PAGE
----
Friday, November 19, 2010

The Origin of America's Intellectual Vacuum

The Origin of America's Intellectual Vacuum


By Chris Hedges


November 15, 2010


The blacklisted mathematics instructor Chandler Davis, after

serving six months in the Danbury federal penitentiary for

refusing to cooperate with the House Un-American Activities

Committee (HUAC), warned the universities that ousted him

and thousands of other professors that the purges would

decimate the country's intellectual life.


"You must welcome dissent; you must welcome serious,

systematic, proselytizing dissent - not only the playful,

the fitful, or the eclectic; you must value it enough, not

merely to refrain from expelling it yourselves, but to

refuse to have it torn from you by outsiders," he wrote in

his 1959 essay "...From an Exile." "You must welcome dissent

not in a whisper when alone, but publicly so potential

dissenters can hear you. What potential dissenters see now

is that you accept an academic world from which we are

excluded for our thoughts. This is a manifest signpost over

all your arches, telling them: Think at your peril. You must

not let it stand. You must (defying outside power; gritting

your teeth as we grit ours) take us back."


But they did not take Davis back. Davis, whom I met a few

days ago in Toronto, could not find a job after his prison

sentence and left for Canada. He has spent his career

teaching mathematics at the University of Toronto. He was

one of the lucky ones. Most of the professors ousted from

universities never taught again. Radical and left-wing ideas

were effectively stamped out. The purges, most carried out

internally and away from public view, announced to everyone

inside the universities that dissent was not protected. The

confrontation of ideas was killed.


"Political discourse has been impoverished since then,"

Davis said. "In the 1930s it was understood by anyone who

thought about it that sales taxes were regressive. They

collected more proportionately from the poor than from the

rich. Regressive taxation was bad for the economy. If only

the rich had money, that decreased economic activity. The

poor had to spend what they had and the rich could sit on

it. Justice demands that we take more from the rich so as to

reduce inequality. This philosophy was not refuted in the

1950s and it was not the target of the purge of the 1950s.

But this idea, along with most ideas concerning economic

justice and people's control over the economy, was cleansed

from the debate. Certain ideas have since become

unthinkable, which is in the interest of corporations such

as Goldman Sachs. The power to exclude certain ideas serves

the power of corporations. It is unfortunate that there is

no political party in the United States to run against

Goldman Sachs. I am in favor of elections, but there is no

way I can vote against Goldman Sachs."


The silencing of radicals such as Davis, who had been a

member of the Communist Party, although he had left it by

the time he was investigated by HUAC, has left academics and

intellectuals without the language, vocabulary of class war

and analysis to critique the ideology of globalism, the

savagery of unfettered capitalism and the ascendancy of the

corporate state. And while the turmoil of the 1960s saw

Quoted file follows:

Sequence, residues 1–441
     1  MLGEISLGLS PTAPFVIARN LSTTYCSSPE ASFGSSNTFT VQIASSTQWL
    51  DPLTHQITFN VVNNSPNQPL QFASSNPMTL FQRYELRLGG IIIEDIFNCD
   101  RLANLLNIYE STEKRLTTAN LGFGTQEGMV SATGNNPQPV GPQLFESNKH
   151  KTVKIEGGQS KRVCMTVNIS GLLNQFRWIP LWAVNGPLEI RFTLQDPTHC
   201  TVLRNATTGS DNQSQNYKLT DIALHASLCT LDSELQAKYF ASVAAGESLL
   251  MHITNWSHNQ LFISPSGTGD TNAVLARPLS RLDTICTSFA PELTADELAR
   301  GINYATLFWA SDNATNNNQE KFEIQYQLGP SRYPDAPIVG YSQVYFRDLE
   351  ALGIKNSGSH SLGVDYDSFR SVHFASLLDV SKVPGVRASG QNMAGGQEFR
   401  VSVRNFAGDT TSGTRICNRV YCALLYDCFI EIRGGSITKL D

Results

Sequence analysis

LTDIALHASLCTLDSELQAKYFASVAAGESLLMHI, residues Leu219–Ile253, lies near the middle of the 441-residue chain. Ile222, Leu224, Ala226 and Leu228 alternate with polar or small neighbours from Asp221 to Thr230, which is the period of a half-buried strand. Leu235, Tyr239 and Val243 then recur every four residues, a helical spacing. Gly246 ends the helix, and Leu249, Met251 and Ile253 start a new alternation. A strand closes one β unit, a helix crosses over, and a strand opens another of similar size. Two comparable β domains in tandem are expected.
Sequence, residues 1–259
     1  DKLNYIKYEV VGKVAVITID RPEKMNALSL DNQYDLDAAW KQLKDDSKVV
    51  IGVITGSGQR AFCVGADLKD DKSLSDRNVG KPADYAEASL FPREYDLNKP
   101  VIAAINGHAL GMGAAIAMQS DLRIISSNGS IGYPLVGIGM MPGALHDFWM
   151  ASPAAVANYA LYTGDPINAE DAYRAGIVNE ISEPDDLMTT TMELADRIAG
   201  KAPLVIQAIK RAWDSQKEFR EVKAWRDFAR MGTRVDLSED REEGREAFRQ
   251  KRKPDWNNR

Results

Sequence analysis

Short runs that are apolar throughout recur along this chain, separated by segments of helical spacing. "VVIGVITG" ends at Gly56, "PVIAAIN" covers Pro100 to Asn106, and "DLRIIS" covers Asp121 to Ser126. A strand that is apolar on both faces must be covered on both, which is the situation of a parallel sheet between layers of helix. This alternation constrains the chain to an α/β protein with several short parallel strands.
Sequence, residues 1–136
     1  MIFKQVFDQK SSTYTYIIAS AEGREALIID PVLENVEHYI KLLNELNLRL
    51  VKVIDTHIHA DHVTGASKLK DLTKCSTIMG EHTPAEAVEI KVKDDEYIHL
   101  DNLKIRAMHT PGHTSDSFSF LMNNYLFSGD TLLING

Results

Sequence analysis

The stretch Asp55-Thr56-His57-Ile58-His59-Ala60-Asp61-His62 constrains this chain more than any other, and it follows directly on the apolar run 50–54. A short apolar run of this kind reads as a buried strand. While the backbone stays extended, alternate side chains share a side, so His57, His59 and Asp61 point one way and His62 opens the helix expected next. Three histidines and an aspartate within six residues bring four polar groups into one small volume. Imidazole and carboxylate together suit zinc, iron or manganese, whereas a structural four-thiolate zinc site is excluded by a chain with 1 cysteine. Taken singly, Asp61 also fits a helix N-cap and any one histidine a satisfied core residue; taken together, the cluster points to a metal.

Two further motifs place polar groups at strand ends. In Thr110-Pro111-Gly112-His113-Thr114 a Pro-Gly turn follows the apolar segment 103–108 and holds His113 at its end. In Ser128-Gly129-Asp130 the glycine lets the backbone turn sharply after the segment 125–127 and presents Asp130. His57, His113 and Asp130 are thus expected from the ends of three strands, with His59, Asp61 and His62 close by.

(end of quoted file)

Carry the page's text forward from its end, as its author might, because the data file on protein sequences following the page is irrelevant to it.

discontent sweep through student bodies with some occasional

support from faculty, the focus was largely limited to

issues of identity politics - feminism, anti-racism - and

the anti-war movements. The broader calls for socialism, the

detailed Marxist critique of capitalism, the open rejection

of the sanctity of markets, remained muted or unheard. Davis

argues that not only did socialism and communism become

outlaw terms, but once these were tagged as heresies, the

right wing tried to make liberal, secular and pluralist

outlaw terms as well. The result is an impoverishment of

ideas and analysis at a moment when we desperately need

radical voices to make sense of the corporate destruction of

the global economy and the ecosystem. The "centrist"

liberals manage to retain a voice in mainstream society

because they pay homage to the marvels of corporate

capitalism even as it disembowels the nation and the planet.


"Repression does not target original thought," Davis noted.

"It targets already established heretical movements, which

are not experimental but codified. If it succeeds very well

in punishing heresies, it may in the next stage punish

originality. And in the population, fear of uttering such a

taboo word as communism may in the next stage become general

paralysis of social thought."


It is this paralysis he watches from Toronto. It is a

paralysis he predicted. Opinions and questions regarded as

possible in the 1930s are, he mourns, now forgotten and no

longer part of intellectual and political debate. And

perhaps even more egregiously the fight and struggle of

radical communists, socialists and anarchists in the 1930s

against lynching, discrimination, segregation and sexism

were largely purged from the history books. It was as if the

civil rights movement led by Dr. Martin Luther King Jr. had

no antecedents in the battles of the Wobblies as well as the

socialist and communist movements.


"Even the protests that were organized entirely by

Trotskyists were written out of history," Davis noted acidly.


Those who remained in charge of American intellectual

thought went on to establish the wider "heresy of leftism"

in the name of academic objectivity. And they have

succeeded. Universities stand as cowardly, mute and silent

accomplices of the corporate state, taking corporate money

and doing corporate bidding. And those with a conscience

inside the walls of the university understand that tenure

and promotion require them to remain silent.


"Not only were a number of us driven out of the American

academic scene, our questions were driven out," said Davis,